Exploring the world is an incredible experience, just keep in mind that no one talks about the ways in which becoming a traveller can ruin you. (Although I may be exaggerating a little bit)
On my last day in Europe, you had to practically drag me to the airport and hope that I would actually get on the plane and not sporadically buy a ticket back to London and stay there. In that moment, the nostalgia of everything that I had seen and experienced was just too much, and the five weeks I spent travelling seemed magical. It wouldn’t hit me until three weeks after my return home that nostalgia makes you remember things very differently, and that while I felt mostly fulfilled and content on my trip, I also felt a small yet deep void that today, makes me see things a lot clearer than I did while I was in the holiday bubble.
As a wide-eyed, adventure seeking teenager, planning a trip to Europe with my friend seemed like a dream that was too good to be true. When that dream, however, became a reality, things quickly turned into a nightmare, one that I ignored as much as possible until it figuratively kept me awake at night.
All I wanted to do was gain some independence and excitement away from my complacent life. Instead, my time away made me disillusioned and dissatisfied with how things turned out, both before, during, and after the trip.
The concept of visiting a new country every day, travelling alongside people you don’t know, and experiencing new things seems exciting, but the reality is that the theory is great, but your enjoyment lies within the execution.
Travelling takes a lot out of you, emotionally, physically, and financially. If your circumstances are anything like mine, and you are a student with a casual job, then the lead up to your trip is a long year of working 40 plus hours a week and balancing uni work on top of that. Social life? Forget about it, you’ll have plenty of time to socialise once you get on that plane and your trip begins.
Meanwhile you go about your life avoiding unnecessary expenses like petrol, car insurance and your phone bill, because you can definitely walk an hour and a half to get to work and if you’re doing all that walking then what is the point of car insurance? God forbid your poor soul has to pay rent, but if thats the case, surely your friends wont mind you couch surfing for a little bit, will they?
Your mind set pre-travel can become unrealistic, all because you have a goal and a hope that your time away will be the most life changing experience that you can imagine.
Investing in a holiday at a young age can be both the best and worst thing you can do for yourself financially. The sacrifices you make to achieve the trip can make you forget what is really important; for example, I made work a priority and uni seemed like an unnecessary burden. Then, upon your return home, while you’re walking through duty free and buy that $70 bottle of vodka that you usually find for $90, you realise that you’ve only got $150 left to your name, which is more than what you thought you’d have left, but the reality that you have to go back to work and make up the money you spent hits you, and that’s literally the worst way to come down from a holiday-high.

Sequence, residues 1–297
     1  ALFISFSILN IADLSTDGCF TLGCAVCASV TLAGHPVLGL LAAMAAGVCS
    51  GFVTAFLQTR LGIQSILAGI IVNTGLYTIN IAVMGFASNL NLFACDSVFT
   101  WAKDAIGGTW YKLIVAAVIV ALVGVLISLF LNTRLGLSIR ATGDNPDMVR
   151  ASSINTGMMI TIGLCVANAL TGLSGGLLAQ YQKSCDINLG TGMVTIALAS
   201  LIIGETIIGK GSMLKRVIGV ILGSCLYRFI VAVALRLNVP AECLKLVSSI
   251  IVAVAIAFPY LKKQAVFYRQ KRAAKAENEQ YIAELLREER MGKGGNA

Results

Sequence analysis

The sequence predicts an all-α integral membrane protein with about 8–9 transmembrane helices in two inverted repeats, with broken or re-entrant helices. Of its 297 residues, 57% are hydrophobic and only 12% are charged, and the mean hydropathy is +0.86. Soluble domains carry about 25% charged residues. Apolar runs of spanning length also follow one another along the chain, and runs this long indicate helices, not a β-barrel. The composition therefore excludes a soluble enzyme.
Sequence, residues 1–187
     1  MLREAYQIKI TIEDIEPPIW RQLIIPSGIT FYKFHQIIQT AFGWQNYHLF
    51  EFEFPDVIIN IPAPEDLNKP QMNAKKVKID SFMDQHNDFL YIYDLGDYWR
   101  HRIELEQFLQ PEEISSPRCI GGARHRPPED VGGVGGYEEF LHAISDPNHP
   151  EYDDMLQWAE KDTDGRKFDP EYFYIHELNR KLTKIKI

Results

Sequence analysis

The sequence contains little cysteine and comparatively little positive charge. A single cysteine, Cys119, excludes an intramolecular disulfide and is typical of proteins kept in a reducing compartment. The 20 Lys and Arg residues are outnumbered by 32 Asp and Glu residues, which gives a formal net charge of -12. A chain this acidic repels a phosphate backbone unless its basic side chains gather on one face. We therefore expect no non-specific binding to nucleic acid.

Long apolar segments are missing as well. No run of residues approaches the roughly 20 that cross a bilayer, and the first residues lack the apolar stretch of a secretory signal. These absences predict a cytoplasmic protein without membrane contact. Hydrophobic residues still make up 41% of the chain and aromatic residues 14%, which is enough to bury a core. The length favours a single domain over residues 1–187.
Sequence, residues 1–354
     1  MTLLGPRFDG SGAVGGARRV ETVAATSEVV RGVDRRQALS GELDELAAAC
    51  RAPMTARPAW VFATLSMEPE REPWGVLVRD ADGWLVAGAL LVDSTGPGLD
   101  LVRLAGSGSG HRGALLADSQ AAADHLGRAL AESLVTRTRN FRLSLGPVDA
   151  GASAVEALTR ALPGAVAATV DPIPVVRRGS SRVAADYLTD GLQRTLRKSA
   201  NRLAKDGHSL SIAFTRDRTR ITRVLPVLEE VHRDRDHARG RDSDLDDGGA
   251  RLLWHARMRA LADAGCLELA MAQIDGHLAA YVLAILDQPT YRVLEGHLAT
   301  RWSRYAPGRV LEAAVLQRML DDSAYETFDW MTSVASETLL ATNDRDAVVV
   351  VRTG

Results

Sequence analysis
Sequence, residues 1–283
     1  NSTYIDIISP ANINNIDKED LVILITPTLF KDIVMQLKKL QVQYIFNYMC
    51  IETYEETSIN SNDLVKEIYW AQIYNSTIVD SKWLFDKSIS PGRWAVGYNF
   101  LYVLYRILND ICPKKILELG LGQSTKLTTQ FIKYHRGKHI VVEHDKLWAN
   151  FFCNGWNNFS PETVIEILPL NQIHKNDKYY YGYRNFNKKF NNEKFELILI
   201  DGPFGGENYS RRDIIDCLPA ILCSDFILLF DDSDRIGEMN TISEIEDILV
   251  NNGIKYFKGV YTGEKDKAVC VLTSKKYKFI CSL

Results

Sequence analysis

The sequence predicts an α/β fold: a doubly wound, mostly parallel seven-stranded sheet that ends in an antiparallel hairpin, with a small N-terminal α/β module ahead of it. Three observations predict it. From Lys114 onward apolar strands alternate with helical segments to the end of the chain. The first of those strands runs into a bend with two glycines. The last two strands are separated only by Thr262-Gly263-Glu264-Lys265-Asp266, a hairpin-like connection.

Some would argue that all the hard work that goes into travelling is worth it when you look back and see all of the amazing friendships you forged or strengthened throughout your journey. Whilst this is a valid argument, and definitely something that you hope for when travelling, what travellers forget to mention is the downside to this social aspect. What if you decide to travel with a friend and when you get home you never speak again? Was the trip worth losing your friendship or was it just the universe’s ridiculously expensive and elaborate way of telling you that your friendship wasn’t made to last?
Of course, that doesn’t happen to everyone, and it’s not an ideal nor a foreseeable outcome, but nevertheless should it happen to you, it will affect you.
On top of that, while you’re busy exploring the world, your friends back home don’t just stand still in time and wait for you to return. Life continues for them too, and if you’re gone for long enough, there’s always a possibility that you might not fit back into their lives. Sounds extreme, I know, but it happens. Hopefully you also have other friends who, like mine, welcome you home with open arms and plans to make up for lost time.
While on the topic of friendships, travelling can also introduce you to people who you can see will be life long friends. This can also ruin you because the chances are that you live 24 hours away from them and have to up keep the friendship by liking each other’s photos on Facebook, and quick messages outlining how your life has been in the past month since you last spoke.
Finally, travelling has this amazing effect on you, which opens your mind to new cultures, people and experiences; so much so that when you return home from a trip, adjusting back to every day life is a real challenge. When you get home, you can feel underwhelmed by everything, and the simple things that used to entertain you, such as going to your local shopping centre or walking to the closest park, are pointless activities that you can no longer tolerate. In those moments it feels like you are so open minded that you’re too good for the life you used to live. You become so accustomed to being amazed by new things and achieving so much in a day that you no longer feel satisfied when you come home. Post travel depression is real and it makes you question everything in your life for the first month or so since your return home. (I even wrote a whole post on it if you want to check it out)
Travelling is easily one of the most life changing experiences that someone can actively seek out, but just be prepared to never want to come home again, and feel ridiculously conflicted when you do.